Not quite true. Child care costs are quite reasonable once the child turns three as the government subsidy kicks in. Saying that about 45% of my wife's income goes to pay for childcare for our 4 year and 1 year old girls.

 

 

 

Minimum wage job is it ?

 

But lets look at that.

 

At say 20 hours @$15 = $300, from this you get taxed @say 10% takes you down to $270 in hand

 

Now you loose $200 from your benefit because you can only earn $100 before they take dollar for dollar

 

That means you are effectively $70 up

 

Child care costs you $30 a day, you do 4 days so that puts you $50 into the red.

 

only way to works is if you do 2 days @ 10 hours a day and you are then $10 up.

 

doing 40 hours is no real improvement.

 

Either the minimum wage has to go up or the cost of childcare needs to come down.

 

 

 

 

Umm your numbers aren't even close to real world (in Auckland anyway). In our case my wife isn't close to minimum wage - she's a primary school teacher so not well paid but well above minimum wage.

 

 

 

She works 3 days a week and child care costs us $280 per week (4 year old at $105 per week with the government subsidy, 1 1/2 year old at $175 per week subsidized). The big issue is once you have more than 1 child childcare gets really expensive fast.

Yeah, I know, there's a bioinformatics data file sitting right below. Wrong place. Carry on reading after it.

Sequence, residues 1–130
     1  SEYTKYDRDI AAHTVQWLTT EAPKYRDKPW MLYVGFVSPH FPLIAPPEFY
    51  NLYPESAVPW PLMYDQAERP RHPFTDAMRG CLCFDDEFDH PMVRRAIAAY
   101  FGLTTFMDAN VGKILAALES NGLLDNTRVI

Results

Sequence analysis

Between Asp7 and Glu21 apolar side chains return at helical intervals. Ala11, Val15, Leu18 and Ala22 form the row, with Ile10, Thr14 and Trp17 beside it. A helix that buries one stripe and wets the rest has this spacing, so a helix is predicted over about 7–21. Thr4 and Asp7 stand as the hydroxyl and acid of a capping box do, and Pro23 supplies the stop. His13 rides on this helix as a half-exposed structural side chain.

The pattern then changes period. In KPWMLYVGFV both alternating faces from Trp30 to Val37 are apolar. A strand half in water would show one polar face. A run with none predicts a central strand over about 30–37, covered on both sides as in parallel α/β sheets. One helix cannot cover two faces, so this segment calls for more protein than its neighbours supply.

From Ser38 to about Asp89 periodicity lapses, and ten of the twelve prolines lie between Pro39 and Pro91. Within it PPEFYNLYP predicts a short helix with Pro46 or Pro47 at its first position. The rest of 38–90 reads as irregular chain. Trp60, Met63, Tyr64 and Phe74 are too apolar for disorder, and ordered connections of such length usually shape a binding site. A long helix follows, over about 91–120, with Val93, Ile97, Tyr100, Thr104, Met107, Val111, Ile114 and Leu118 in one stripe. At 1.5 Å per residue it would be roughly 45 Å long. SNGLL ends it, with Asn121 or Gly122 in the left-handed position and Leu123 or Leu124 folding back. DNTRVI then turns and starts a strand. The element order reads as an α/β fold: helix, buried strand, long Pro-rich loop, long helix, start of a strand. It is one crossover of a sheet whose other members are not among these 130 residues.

It's still a lot better than our friends in Melbourne. Childcare cost them $38,000 per annum for 2 kids, 3 days a week. They get $15,000 back as a tax rebate but it's still $440 per week for child care.

 

 

Aussie wages are about 30% higher (dollar for dollar) on average last I checked


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  Reply # 1481911 30-Jan-2016 18:33
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Geektastic:

 

A friend of mine's wife has 2 children (now grown).

 

Many many moons ago, she commented than most of her $50,000 equivalent income (at current exchange rates UK£/NZ$) went on childcare.

 

I asked her why she went to work given that her husband earned plenty enough to support her and the kids and was happy to do so.